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I wish people would stop banging on about PR. We don't vote for parties, we vote for candidates. You can see that illustrated perfectly in the polls done for Sheffield Hallam - Ashcroft's poll found less support for "LIB DEM" than ICM's poll found for "NICK CLEGG". It's not 1 big election, it's 650 little ones.

There's an ideal comparison in the world of football - when you win a game you get 3 points, whether you win by 1 lucky goal or by 9 screamers. You still just get the three points. (Counting goal difference is a relatively recent innovation). The game is the same whether you play in the Premier League or in the Conference. You can't change the rules to suit smaller parties to penalise bigger parties.

The Greens, UKIP, Kidderminster Hospital, Respect, Blaenau Gwent Peoples' Voice, SNP have all proved how small parties can survive and thrive in our democracy, as indeed do the Northern Irish parties.

UKIP can whinge about finishing second across the board, but to finish second is to be the first of the losers. As such, UKIP can quite rightly claim to be a party of losers.
Alexia
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robschneider wrote:I think UKIP will do much better than the polls are suggesting. It's just that people aren't admitting to voting for them because the mainstream media have given them this "racist" tag, particularly since the demise of the BNP. Mark my words, they will do very well next month.
Alexia wrote:All the polling websites are as useless as each other. May2015.com is particularly bad. UKPollingReport (run by Anthony Wells) has been around for AAAAAGES so is not any older than election2015.co.uk for example. As it is, anyone who is predicting the election this far out is a fool, a nutter or just plain stupid.
Critique
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A very shocking and IMO disappointing result - it's certainly not how I thought the election would turn out. David Cameron got into an argument with a Newsbeat presenter last week who said he couldn't get a majority and how it would be a hung parliament, and at the time I thought Cameron was being almost naive to think he could end up with a majority. However, it turns out Cameron was correct, and I'm sure Radio 1's Chris Smith is glad that he didn't take him up on his offer of a £100 bet!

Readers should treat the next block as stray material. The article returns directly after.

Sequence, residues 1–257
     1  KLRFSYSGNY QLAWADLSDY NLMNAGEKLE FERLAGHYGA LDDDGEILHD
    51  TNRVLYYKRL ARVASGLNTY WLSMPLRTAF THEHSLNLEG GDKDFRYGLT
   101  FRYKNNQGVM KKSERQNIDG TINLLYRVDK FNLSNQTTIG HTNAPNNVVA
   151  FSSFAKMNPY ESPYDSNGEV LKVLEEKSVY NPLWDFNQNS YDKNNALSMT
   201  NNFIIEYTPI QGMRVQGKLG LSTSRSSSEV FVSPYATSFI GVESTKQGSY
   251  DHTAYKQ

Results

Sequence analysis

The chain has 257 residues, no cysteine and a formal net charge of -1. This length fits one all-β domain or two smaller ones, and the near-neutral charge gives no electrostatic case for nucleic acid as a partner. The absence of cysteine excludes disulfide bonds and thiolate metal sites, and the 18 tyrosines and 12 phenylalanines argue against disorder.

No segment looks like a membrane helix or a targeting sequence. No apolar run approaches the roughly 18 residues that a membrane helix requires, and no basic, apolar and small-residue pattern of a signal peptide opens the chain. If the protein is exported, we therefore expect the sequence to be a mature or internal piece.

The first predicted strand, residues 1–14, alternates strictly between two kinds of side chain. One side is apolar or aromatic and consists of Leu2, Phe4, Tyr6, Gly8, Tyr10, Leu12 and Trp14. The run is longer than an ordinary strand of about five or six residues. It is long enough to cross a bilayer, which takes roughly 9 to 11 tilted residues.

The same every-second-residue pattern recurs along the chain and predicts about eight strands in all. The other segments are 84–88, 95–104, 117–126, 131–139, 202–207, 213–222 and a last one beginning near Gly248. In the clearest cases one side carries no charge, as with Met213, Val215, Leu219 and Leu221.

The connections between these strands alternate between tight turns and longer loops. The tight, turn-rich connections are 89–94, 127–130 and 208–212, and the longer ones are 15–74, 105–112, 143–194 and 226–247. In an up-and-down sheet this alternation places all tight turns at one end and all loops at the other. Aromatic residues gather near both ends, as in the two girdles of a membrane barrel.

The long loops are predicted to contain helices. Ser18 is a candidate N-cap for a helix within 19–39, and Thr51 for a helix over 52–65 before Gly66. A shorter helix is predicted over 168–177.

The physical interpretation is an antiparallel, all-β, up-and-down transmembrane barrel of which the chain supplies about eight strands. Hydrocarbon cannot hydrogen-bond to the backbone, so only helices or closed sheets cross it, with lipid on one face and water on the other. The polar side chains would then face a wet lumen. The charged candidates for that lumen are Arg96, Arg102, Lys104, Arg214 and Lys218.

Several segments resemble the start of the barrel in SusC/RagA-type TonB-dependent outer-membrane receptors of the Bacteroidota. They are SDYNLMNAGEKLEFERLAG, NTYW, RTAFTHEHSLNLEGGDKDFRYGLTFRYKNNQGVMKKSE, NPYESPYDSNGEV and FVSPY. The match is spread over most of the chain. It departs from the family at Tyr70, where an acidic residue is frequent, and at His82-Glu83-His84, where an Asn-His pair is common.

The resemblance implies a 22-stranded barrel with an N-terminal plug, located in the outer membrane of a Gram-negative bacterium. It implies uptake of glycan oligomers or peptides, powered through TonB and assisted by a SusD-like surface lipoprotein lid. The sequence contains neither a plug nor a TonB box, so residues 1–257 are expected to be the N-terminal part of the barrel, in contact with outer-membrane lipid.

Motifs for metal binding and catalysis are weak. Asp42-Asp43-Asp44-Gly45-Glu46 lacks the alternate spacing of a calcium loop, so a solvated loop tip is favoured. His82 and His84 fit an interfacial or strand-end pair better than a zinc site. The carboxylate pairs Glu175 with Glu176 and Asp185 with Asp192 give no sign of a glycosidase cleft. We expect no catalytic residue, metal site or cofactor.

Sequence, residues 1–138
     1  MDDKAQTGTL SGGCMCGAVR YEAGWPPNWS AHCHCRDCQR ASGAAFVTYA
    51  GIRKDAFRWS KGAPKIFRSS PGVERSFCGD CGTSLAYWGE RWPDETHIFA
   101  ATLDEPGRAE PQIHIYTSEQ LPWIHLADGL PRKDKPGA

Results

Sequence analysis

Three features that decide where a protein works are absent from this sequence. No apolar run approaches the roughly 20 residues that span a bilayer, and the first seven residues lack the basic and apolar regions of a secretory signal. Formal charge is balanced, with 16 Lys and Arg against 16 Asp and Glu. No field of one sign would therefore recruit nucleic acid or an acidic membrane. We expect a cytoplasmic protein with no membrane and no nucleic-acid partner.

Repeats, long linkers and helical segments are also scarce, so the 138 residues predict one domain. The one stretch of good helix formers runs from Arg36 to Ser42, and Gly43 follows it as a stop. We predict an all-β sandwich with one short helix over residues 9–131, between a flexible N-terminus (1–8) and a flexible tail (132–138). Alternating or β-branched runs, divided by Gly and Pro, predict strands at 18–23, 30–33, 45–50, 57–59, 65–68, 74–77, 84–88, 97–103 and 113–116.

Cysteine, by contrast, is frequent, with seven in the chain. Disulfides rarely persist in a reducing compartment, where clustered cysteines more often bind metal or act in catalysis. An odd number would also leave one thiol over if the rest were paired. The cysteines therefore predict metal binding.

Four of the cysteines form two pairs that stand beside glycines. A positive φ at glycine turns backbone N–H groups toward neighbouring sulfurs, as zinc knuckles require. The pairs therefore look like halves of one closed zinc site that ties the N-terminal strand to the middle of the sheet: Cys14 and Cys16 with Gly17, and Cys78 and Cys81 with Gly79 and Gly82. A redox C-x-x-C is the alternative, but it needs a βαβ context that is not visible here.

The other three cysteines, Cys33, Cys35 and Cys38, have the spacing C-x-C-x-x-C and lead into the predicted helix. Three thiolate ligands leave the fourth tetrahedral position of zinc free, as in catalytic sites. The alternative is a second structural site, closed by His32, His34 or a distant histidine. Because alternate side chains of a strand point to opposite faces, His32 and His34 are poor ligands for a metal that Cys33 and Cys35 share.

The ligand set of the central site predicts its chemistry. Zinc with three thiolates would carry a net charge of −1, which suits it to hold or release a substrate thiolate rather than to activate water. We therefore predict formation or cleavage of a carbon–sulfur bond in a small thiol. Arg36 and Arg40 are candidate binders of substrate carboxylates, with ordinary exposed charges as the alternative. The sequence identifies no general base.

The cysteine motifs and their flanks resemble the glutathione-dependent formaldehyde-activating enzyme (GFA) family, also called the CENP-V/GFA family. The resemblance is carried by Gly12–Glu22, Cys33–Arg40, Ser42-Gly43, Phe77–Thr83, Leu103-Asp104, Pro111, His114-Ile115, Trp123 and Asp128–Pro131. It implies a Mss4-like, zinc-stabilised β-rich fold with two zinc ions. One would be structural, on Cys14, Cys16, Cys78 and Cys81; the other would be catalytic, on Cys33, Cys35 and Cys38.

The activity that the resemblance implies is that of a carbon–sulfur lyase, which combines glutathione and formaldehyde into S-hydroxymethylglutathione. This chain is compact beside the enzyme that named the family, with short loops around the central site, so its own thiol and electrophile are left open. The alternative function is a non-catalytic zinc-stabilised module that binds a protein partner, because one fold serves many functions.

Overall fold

The main reason I didn't expect the Conservatives to do particularly well was because Cameron did not have a good campaign. He didn't win the debate, was mocked for not turning up to any further ones, and Ed Miliband seemed to be greatly improving in the run up to the election, as he came across well in a number of interviews and he generally seemed to be getting more popular. In fact, by the end of the campaign I thought Cameron seemed quite desperate, because some of his speeches began to sound quite angry, and not in the passionate way I think that will have been intended. Either way, we have our result and we'll have to live with it for the next five years!

Lots of people on election night talked of electoral form, and that's something I'm split on. On the one hand, a move to a PR system will massively advantage UKIP, with my favourite thing about FPTP being that UKIP only ended up with a single seat as a result of it. Additionally, most forms of PR mean that we lose our constituency MPs, which is something I'd like to see stay. However, the system is ultimately not representative of the actual vote, and that isn't acceptable - something needs to change.

On the bright side, Russell Brand has taken a blow to his self esteem that will hopefully reduce his involvement in politics from now on. He thought he had some sort of power to help decide who would govern by suddenly jumping behind Miliband, but ultimately he changed nothing, and it just seems a bit embarrassing for him.
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WillPS
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Gavin Scott wrote:
WillPS wrote:
Gavin Scott wrote:At the risk of provoking a groan, is it possible that the answer is the dissolving of the political union of the UK so that we can live and trade side by side with separate governments which speak appropriately to the people of each country?
So if we accept that Scotland will always have political interests completely at odds with the overall result for Britain (which I don't believe a single General Election can provide conclusive evidence for), and for that reason grant Scotland independence - surely we should also be looking to sether off the North of England, where a significant majority of the constituencies return Labour MPs and have done consistently for decades?

Appetite for the Tories up/down here in Sheffield is no higher than it is in Glasgow.
As you pose the hypothetical, what is your take on that yourself?
I think it would be rather harsh on my friends and family in The Midlands and London.
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Gavin Scott
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Could you expand on your answer? Are you saying they wouldn't have an appetite for conservative governments either?